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Reasonable Expectations

12/14/2018 02:04:31 PM

Dec14

Whether or not you are open to seeing someone or something in a positive light makes all the difference.

I was recently counseling someone through a bitter dispute he was having with a client.  Understandably, he had built up a very negative image of the client.

In one of our sessions, he brought up a story about the client to further describe the client’s poor character. Coincidentally, I happened to know about that story, but I also knew further information that showed a very different angle to the story. In fact, that story proved that the client had a very kind side.

When I asked him if he could imagine a possible scenario that could turn the story into a positive one, he said no. He was adamant that the client was a very bad person, and that this story proved it even further.

Something very interesting was happening here. You see, we will only ever see that which we expect to be reasonably possible. But when we don’t expect something to be reasonably possible, we simply won’t be able see it.

This idea explains an episode in the story of Joseph and his brothers, which we continue to read about this Shabbat. When the brothers came down to Egypt to collect food for their families, they were introduced to Egypt’s viceroy, who happened to be Joseph. The Torah recounts, “Joseph recognized his brothers, but they did not recognize him.” Why the difference? A classic explanation is that when Joseph’s brothers sold him into slavery, they were all older than him and already had beards, whereas the young Joseph didn’t yet have any facial hair. Years later, however, Joseph did have a beard. That’s why his brothers did not recognize him, even though he recognized them.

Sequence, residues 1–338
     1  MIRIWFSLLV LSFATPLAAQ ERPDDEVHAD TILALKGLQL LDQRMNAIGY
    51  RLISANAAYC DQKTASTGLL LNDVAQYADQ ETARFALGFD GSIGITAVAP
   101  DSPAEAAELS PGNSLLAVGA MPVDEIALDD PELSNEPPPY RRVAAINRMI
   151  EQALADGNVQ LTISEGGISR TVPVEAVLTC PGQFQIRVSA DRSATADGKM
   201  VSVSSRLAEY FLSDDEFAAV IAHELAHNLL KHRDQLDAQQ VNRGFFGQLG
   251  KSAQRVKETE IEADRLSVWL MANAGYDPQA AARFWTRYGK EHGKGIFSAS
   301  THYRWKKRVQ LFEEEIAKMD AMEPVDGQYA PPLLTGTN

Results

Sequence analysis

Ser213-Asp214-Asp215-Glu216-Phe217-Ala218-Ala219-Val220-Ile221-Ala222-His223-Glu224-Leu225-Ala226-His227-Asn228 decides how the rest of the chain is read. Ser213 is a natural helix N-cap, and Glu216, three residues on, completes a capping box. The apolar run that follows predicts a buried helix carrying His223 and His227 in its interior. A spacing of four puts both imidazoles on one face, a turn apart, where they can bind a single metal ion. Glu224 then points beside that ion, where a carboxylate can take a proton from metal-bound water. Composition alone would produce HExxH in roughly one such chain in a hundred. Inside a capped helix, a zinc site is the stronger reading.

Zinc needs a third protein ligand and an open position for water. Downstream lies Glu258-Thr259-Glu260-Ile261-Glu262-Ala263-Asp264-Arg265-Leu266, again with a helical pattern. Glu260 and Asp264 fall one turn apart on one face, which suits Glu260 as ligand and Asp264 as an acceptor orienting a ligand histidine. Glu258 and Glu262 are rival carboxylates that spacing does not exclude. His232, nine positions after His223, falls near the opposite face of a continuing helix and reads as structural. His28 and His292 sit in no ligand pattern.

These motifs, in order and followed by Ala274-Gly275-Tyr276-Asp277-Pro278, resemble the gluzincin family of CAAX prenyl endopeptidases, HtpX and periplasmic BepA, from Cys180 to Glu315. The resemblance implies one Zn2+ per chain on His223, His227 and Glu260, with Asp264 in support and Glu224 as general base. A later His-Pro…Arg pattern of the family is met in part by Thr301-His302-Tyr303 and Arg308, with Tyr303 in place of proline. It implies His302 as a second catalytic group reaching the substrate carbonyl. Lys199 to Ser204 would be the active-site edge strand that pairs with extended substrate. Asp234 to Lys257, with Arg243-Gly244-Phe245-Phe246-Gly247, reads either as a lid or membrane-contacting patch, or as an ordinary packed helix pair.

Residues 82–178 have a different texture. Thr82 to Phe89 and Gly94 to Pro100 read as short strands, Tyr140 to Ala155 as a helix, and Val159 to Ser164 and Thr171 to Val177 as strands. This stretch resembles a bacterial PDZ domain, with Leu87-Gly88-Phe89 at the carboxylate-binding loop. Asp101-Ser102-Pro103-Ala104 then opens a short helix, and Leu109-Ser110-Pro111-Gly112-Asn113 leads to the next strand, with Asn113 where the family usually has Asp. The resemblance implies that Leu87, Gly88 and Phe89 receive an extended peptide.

This explanation is a little hard to understand. After all, we’ve all met people who have either grown their beard or removed their beard, and since we knew them well, we’ve still recognized them.

Ramban – Nachmanides (12th century) – offers a different and more psychological explanation. He writes that Joseph reasonably expected his brothers to come to Egypt one day. Firstly, he knew that they needed food. Secondly, he always waited for his dreams to be fulfilled, which would require his brothers to come and bow before him. His brothers, however, never expected in their wildest dreams that their brother Joseph, whom they had sold into slavery, would be the viceroy of Egypt. Since they never imagined such a possibility, they simply could not recognize him.

The lesson for us is important: We all choose what we deem to be possible and reasonably expected, both in our lives and from others. Sometimes, we lose all hope in ourselves or in others. When that happens, we’ve boxed our self into a narrow worldview, and we will simply be unable to see anything outside of the box. The smaller we make the box, the less we will ever see.

When, however, we choose to keep our box very large and open, we will discover beautiful things both about ourselves and about others.

So remember: Anything is possible, so long as you believe so!

Wed, January 16 2019 10 Shevat 5779